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JetBlue Founder's New Airline Won't Have Customer Service

Oct. 27, 2018
5 min read
JetBlue Founder's New Airline Won't Have Customer Service
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Moxy, the US airline being started by the founder of JetBlue, won't have traditional customer-service phones and will rely instead on communicating with customers through its app. David Neeleman told attendees at a meeting in New York on Friday that Moxy's mantra is "we're just a technology company that happens to fly airplanes" — and that its customer experience will be "very high-tech, very high-touch."

Moxy — which will have a different name once it starts flying, not before 2020 —has bought 60 Airbus A220 jets and plans to fly them on long-haul flights from the US to Europe and South America, as well as within the US. In Neeleman's plans, its customer-facing interactions will be very similar to another airline he founded and still leads, Brazil-based Azul, which feels "like the original JetBlue."

But you won't necessarily get that from humans, at least before you board.

"I don't think people want to stand in line and talk to somebody," he said. The app will take care of a lot of those pre-flight interactions.

"We all use Uber. We all use Amazon, right? How many of you have ever spoken to a human at Uber?" he asked a room full of employees of the digital marketing agency BMF, which had invited TPG to attend. "They have apps that you can do everything on. The goal is (...) that you never have to speak to us, because everything will be functional in the app. You'll be able to change your flight, order a meal, cancel your flight." And what if things go wrong, as for example happens during storms? "If there's a disruption, we'll send your new flight, and you can accept it." There will be humans available, but the idea is that they'll get in touch only in case of absolute necessity.

Neeleman still wants his new airline to talk to its customers frequently and meaningfully, "so you feel like these guys, they know me, they like me, they care about me." Via digital means only, that is.

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The A220s flown by Moxy will be the -300 model, larger than the A220-100s that will start flying for Delta in January. With about 150 seats in a typical configuration, they will likely have fewer seats on Moxy since Neeleman wants them to be outfitted with lie-flat seats in business class, which take up more space.

An Airbus A220-300 (Photo by Zach Honig / TPG)

As for where they will fly, Moxy's studying a very wide array of possible destinations: "We have over 800 routes we are looking at," Neeleman said. Some of them will be across the Atlantic, for example Scranton, Pennsylvania, to London or Bozeman, Montana, to Maui — places that can only be connected now via at least one stop and plane change. Neeleman wants to do it "twice as fast and for half the price." That's ambitious, but the A220 offers very low fuel burn and maintenance costs, which helps keep ticket prices lower, Neeleman said. And since Moxy wants to serve places where there's currently no service beyond mostly regional flights, "I doubt we'll have a single route that has any competition."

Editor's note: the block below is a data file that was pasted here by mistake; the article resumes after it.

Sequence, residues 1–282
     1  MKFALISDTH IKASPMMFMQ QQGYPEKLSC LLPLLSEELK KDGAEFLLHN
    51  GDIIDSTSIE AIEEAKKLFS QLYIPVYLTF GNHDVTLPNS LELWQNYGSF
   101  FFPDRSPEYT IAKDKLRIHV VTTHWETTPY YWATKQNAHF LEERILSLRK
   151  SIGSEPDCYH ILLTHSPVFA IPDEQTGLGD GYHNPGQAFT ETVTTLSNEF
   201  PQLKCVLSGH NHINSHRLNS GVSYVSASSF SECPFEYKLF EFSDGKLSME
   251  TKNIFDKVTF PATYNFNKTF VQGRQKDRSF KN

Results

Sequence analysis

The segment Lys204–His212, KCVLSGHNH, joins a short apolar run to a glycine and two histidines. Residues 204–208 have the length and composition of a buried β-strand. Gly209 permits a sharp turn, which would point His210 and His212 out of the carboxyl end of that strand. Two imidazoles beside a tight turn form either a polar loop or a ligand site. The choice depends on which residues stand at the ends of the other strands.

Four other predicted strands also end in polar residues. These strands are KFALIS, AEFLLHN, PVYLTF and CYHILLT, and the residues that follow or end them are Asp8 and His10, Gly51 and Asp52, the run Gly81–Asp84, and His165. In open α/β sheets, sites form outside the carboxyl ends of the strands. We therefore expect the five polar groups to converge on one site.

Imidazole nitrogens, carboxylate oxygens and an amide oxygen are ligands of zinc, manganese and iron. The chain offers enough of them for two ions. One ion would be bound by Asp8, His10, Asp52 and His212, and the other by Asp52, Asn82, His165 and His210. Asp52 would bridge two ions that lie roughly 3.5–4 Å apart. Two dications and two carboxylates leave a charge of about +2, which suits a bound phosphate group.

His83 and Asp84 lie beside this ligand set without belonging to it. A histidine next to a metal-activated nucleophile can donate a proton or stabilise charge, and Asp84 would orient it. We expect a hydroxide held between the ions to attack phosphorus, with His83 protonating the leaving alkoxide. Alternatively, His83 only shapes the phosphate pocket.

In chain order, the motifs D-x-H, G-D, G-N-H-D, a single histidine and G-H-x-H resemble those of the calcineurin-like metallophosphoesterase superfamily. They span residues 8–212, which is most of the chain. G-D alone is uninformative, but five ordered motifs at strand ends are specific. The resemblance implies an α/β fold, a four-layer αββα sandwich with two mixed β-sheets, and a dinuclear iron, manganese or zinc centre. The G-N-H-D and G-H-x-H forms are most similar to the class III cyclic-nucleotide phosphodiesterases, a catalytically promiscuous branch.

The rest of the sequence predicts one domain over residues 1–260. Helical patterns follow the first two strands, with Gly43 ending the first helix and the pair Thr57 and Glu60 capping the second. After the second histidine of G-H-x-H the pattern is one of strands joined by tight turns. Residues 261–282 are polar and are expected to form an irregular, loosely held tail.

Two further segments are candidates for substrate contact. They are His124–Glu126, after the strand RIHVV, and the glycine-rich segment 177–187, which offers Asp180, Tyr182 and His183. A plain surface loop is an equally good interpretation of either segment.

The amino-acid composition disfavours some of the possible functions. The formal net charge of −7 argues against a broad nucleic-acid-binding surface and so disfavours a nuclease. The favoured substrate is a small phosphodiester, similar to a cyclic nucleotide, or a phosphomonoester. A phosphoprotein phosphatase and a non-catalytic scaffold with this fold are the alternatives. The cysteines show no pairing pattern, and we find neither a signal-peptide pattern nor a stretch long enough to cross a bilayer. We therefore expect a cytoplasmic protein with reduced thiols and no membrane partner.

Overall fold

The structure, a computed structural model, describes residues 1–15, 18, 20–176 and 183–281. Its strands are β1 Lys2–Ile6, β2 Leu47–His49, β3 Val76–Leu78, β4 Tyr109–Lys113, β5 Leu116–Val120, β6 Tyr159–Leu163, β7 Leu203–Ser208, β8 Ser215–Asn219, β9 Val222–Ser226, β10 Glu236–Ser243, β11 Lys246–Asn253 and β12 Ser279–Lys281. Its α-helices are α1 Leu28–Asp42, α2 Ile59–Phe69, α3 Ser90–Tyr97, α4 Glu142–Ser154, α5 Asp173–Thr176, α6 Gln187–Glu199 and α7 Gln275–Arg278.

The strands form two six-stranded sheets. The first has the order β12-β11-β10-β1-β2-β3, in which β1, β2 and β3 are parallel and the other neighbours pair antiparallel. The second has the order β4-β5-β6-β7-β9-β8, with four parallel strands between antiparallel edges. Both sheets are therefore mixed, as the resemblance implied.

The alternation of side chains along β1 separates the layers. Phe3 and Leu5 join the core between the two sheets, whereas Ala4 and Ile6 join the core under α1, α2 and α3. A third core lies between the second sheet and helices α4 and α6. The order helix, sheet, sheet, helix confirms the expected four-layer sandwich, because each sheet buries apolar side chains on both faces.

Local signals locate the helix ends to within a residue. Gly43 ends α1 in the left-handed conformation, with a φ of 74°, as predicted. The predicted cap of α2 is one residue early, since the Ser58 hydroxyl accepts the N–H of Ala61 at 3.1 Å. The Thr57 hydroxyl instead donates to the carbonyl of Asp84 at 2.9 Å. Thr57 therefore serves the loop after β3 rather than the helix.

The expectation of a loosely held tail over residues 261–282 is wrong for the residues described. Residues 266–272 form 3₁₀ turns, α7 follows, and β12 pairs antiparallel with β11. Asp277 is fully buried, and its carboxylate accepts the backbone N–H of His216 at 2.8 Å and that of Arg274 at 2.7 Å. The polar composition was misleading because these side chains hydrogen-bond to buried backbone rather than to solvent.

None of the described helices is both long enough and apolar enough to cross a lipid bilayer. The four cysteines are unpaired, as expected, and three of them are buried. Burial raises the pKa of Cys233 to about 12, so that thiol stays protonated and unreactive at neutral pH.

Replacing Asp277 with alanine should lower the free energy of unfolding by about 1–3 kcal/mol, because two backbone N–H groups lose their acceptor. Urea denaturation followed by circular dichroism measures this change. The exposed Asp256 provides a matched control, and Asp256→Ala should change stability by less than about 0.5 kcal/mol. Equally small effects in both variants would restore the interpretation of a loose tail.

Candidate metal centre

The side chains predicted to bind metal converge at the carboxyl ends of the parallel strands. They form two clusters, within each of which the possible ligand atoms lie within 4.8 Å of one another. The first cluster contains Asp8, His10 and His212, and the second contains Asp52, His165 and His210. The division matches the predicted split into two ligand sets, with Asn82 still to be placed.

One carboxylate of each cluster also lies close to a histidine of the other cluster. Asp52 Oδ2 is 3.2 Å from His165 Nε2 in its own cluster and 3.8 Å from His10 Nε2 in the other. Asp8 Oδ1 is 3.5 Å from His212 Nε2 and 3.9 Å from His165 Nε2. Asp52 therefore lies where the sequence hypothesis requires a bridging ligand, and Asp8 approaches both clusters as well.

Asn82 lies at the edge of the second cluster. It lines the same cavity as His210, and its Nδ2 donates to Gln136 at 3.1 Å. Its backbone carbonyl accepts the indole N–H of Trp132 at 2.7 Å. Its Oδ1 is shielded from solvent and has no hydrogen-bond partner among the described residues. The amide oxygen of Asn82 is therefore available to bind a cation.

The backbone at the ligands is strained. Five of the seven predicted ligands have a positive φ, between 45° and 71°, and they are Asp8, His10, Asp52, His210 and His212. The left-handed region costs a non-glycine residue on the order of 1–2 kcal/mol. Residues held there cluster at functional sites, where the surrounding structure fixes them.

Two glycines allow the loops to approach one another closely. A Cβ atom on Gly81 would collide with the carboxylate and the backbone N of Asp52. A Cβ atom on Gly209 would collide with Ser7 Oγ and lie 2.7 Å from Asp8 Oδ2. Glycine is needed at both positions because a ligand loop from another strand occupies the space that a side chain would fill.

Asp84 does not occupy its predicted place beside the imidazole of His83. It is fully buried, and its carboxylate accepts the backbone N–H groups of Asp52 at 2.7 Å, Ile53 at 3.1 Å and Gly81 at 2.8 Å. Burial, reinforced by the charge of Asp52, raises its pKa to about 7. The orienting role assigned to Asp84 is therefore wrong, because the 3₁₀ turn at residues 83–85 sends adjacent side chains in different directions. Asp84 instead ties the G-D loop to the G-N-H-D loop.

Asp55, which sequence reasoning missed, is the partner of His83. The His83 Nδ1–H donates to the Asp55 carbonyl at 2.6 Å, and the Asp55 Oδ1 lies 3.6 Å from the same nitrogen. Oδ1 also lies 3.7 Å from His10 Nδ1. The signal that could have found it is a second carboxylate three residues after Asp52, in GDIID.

Another huge focus area for Moxy will be northern Brazil, which the A220 can reach easily from the US East Coast, especially Florida. Azul will be able to feed passengers to Moxy flights, Neeleman said. He's also part-owner of the Portuguese flag carrier TAP, which he says might soon be part of an alliance with Azul and, possibly, with Moxy as well — an Atlantic-spanning group that may rival in some areas the larger alliances that have divided among themselves most passenger traffic in the world.

With all the focus on tech, though, Neeleman wants his new creature to be focused on people. In fact, he tends to hire managers based on one question — Are they a people person? To explain how much of a driving principle that is for him, he recalled an anecdote from the early days of JetBlue, when an experienced pilot with an enormous amount of flight time under his belt showed up for an interview. "He had 15,000 hours," Neeleman said, "but when we asked him to tell us about one instance where he'd gone above and beyond, he couldn't name it. So we didn't hire him. Why? Because he was a jerk."

As for the airline's new name, no one knows yet. There is one thing for sure: It will not be Moxy, because that is the name of a Marriott chain of hotels.

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